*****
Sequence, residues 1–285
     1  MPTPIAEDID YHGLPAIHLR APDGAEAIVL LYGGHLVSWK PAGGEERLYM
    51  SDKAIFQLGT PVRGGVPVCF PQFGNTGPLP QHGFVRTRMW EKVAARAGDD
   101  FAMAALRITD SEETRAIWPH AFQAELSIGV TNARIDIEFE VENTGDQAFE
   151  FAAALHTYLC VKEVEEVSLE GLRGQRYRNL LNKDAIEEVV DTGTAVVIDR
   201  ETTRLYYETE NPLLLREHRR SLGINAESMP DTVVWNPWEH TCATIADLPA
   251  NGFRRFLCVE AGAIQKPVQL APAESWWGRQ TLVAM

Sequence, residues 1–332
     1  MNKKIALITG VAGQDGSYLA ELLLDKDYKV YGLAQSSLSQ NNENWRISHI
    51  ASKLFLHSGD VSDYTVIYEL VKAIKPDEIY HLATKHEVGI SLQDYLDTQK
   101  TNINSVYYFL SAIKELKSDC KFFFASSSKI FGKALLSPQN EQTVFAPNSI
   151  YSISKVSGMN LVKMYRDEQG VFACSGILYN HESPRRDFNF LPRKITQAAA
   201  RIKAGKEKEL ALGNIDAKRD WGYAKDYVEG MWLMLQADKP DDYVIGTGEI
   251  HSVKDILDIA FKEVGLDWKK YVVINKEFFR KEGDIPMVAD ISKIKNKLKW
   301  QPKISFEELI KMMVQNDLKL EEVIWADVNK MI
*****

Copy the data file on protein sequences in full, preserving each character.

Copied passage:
Sequence, residues 1–285
     1  MPTPIAEDID YHGLPAIHLR APDGAEAIVL LYGGHLVSWK PAGGEERLYM
    51  SDKAIFQLGT PVRGGVPVCF PQFGNTGPLP QHGFVRTRMW EKVAARAGDD
   101  FAMAALRITD SEETRAIWPH AFQAELSIGV TNARIDIEFE VENTGDQAFE
   151  FAAALHTYLC VKEVEEVSLE GLRGQRYRNL LNKDAIEEVV DTGTAVVIDR
   201  ETTRLYYETE NPLLLREHRR SLGINAESMP DTVVWNPWEH TCATIADLPA
   251  NGFRRFLCVE AGAIQKPVQL APAESWWGRQ TLVAM

Sequence, residues 1–332
     1  MNKKIALITG VAGQDGSYLA ELLLDKDYKV YGLAQSSLSQ NNENWRISHI
    51  ASKLFLHSGD VSDYTVIYEL VKAIKPDEIY HLATKHEVGI SLQDYLDTQK
   101  TNINSVYYFL SAIKELKSDC KFFFASSSKI FGKALLSPQN EQTVFAPNSI
   151  YSISKVSGMN LVKMYRDEQG VFACSGILYN HESPRRDFNF LPRKITQAAA
   201  RIKAGKEKEL ALGNIDAKRD WGYAKDYVEG MWLMLQADKP DDYVIGTGEI
   251  HSVKDILDIA FKEVGLDWKK YVVINKEFFR KEGDIPMVAD ISKIKNKLKW
   301  QPKISFEELI KMMVQNDLKL EEVIWADVNK MI